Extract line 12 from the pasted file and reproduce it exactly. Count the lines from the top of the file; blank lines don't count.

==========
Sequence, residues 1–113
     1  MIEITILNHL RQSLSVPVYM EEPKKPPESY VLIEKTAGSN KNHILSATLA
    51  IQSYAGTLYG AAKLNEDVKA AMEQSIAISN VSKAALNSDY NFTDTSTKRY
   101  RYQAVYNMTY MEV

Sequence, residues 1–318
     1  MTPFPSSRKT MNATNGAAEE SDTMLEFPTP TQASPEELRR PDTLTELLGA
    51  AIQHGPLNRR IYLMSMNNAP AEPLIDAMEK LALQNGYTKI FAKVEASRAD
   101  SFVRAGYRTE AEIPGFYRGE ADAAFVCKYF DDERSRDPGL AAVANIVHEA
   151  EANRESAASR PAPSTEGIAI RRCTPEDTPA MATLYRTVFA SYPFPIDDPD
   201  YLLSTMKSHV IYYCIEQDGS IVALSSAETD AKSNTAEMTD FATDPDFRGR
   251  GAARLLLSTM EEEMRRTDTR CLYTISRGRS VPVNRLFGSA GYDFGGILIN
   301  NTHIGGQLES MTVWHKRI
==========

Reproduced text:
   301  NTHIGGQLES MTVWHKRI